The group sends a public letter to Gallant, a member of Prime Minister Benjamin Netanyahu’s Likud party and a retired general who came up in the military through Shayetet 13 and headed the unit in the 1990s. They note many of them served alongside him and say they put their lives on the line “to defend the State of Israel of the Declaration of Independence.”

“We, who belong to all parts of the nation and have many and varied political views… call on in this time of emergency for the State of Israel to do everything in your power to stop the legislation to weaken the judiciary, to safeguard Israeli democracy, and to act for dialogue between all parts of the State of Israel,” they write. “Just as we all learned in Shayetet 13.”

Lebanese demonstrators smash bank facades after currency hits record low

A potester sprays Arabic graffiti which reads "Depositors Outcry Association" as angry Lebanese vandalised banks in Beirut on February 16, 2023, one day after the Lebanese pound hit a record low against the dollar on the black market. (Joseph Eid/AFP)
A potester sprays Arabic graffiti which reads "Depositors Outcry Association" as angry Lebanese vandalised banks in Beirut on February 16, 2023, one day after the Lebanese pound hit a record low against the dollar on the black market. (Joseph Eid/AFP)

BEIRUT — Dozens of angry demonstrators attack several banks in Beirut after the Lebanese pound hits a record low, AFP journalists say, amid a deepening economic crisis.

Lebanon’s cash-strapped banks have imposed strict restrictions on withdrawals, barring depositors from accessing their savings, especially those in US dollars.

The pound is trading at about 80,000 to the greenback on the black market versus 60,000 at the start of the month, according to exchange rate monitors.

Today, around 50 protesters smash the facades of four banks and burn car tires in the central Beirut neighborhood of Badaro, AFP journalists at the scene report.

The attacks come after calls by the “Depositors’ Outcry Association,” a group that supports depositors’ attempts to withdraw their money.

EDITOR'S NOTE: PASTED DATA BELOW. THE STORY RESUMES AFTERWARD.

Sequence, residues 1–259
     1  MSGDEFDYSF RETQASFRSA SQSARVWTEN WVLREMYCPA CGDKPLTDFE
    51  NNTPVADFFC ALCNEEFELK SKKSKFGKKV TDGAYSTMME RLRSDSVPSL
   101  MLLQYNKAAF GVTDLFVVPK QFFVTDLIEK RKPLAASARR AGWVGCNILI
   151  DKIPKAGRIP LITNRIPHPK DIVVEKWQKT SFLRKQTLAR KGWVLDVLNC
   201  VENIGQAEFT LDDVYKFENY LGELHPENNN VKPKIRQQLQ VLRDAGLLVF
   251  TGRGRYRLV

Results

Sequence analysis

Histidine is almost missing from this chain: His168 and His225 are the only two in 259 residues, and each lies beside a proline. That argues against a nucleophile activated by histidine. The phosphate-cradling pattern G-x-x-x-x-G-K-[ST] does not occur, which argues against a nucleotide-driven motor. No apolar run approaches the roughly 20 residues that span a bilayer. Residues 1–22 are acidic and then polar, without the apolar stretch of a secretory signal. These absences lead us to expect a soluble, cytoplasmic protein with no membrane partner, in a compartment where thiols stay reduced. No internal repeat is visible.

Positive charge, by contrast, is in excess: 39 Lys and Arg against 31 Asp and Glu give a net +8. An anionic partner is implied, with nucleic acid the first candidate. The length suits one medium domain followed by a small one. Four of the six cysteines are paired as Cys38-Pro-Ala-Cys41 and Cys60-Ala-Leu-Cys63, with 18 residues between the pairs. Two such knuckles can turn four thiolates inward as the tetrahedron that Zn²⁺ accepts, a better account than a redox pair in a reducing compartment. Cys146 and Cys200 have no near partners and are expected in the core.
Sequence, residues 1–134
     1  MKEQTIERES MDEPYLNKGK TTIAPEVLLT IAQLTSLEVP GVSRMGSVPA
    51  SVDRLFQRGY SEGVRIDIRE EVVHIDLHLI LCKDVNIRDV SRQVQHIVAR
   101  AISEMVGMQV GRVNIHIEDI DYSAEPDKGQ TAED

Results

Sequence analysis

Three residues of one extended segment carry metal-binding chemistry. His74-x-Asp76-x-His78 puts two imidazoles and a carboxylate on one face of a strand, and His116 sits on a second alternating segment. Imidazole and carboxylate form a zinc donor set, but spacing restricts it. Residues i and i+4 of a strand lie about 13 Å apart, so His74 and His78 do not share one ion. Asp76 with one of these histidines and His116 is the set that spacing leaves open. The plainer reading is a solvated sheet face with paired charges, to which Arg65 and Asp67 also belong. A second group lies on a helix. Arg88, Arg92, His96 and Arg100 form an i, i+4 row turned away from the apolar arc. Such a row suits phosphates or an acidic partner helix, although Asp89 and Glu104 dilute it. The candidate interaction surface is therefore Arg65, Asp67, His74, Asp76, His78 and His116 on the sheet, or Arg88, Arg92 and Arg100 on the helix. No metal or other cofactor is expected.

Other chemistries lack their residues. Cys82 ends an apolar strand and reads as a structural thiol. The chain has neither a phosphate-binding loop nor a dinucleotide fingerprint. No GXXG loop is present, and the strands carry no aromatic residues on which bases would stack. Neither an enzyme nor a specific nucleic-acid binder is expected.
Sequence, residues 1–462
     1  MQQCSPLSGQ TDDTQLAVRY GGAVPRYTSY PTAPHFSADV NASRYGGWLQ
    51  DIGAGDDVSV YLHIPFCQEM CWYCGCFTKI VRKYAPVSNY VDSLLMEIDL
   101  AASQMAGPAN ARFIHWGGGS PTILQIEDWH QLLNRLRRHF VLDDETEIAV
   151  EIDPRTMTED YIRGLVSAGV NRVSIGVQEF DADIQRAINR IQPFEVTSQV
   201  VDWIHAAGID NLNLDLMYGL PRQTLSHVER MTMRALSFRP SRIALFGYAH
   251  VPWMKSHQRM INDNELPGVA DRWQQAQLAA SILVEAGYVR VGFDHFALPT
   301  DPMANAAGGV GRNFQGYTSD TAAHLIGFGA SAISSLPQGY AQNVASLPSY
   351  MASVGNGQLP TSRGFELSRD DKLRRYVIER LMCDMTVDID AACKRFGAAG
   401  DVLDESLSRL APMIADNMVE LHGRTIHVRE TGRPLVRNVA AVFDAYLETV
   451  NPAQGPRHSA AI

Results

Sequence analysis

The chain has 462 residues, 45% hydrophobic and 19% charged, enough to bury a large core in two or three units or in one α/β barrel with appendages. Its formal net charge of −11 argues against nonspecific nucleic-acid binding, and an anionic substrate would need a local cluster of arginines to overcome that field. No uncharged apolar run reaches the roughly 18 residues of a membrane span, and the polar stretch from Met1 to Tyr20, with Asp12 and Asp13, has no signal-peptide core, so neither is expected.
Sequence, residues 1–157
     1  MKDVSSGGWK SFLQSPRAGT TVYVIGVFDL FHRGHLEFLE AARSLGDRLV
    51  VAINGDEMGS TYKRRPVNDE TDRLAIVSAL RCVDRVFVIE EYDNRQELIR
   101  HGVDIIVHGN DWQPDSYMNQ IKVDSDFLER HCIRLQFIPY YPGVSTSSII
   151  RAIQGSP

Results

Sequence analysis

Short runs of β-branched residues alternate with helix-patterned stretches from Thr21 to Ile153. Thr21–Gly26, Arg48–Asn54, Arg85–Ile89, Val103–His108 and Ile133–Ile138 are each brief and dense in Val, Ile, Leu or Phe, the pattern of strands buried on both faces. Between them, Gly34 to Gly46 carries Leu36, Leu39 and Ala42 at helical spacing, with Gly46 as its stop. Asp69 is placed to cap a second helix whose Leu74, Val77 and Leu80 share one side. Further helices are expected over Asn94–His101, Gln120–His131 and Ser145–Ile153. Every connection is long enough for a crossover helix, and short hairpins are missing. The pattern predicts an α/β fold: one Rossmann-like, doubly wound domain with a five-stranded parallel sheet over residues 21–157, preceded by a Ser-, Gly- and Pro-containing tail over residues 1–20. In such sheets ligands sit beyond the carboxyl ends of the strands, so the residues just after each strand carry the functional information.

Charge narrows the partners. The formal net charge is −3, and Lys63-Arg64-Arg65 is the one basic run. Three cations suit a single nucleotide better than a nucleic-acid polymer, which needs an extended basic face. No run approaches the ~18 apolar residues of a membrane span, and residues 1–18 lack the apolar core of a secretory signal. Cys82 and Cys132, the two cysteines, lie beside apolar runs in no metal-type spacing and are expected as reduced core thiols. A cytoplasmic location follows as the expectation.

“They stole, seized and looted our money three years ago,” says protester Pascal al-Raisi.

“There are owners of millions of dollars among us without even a penny in their pockets.

“There is no other solution. We will escalate until we regain our rights.”

Depositors have carried out similar attacks in recent months to demand access to their savings from banks, which have repeatedly closed for days.

This month, the Association of Banks in Lebanon declared an open-ended strike, saying the crisis was affecting the entire financial system.

Lebanon’s economic crisis has left many struggling to make ends meet in a country where poverty rates have reached 80 percent of the population, according to the United Nations.

The pound’s plunge has triggered a wave of price hikes including on fuel, food items and other basic goods.

Lebanon is being run by a caretaker government and is also without a president, as lawmakers have repeatedly failed to elect a successor to Michel Aoun, whose mandate expired at the end of October.

Former security chiefs warn judicial overhaul ‘will cause damage for generations’

Shin Bet head Nadav Argaman attends a Knesset Defense and Foreign Affairs Committee meeting on November 6, 2018. (Hadas Parush/Flash90)
Then-Shin Bet head Nadav Argaman attends a Knesset Defense and Foreign Affairs Committee meeting on November 6, 2018. (Hadas Parush/Flash90)

More than 400 ex-senior security officials, including former heads of the police, Shin Bet and Mossad, sign a public letter urging President Isaac Herzog not to agree to any laws that contradict Israel’s core democratic values as part of his efforts to mediate a compromise version of the government’s judicial overhaul plan.

“As you noted in your speech, the hasty legislative steps constitute a judicial revolution that will cause damage for generations to come,” says the letter by members of the Commanders for Israel’s Security group.

Signatories include former Shin Bet chief Nadav Argaman, former Mossad directors Tamir Pardo and Danny Yatom, ex-police commissioner Shlomo Aharonishki and former national security adviser Uzi Arad.

“We, who led fighters to Israel’s wars and educated them on its values, defended the country in the battlefield and in the diplomatic arena, are calling, with great respect, for preventing a critical blow to these values,” they write. “In cases where the rule of law and judicial independence are harmed, the first to get harmed are IDF soldiers and security forces, and the physical and legal defense of them.”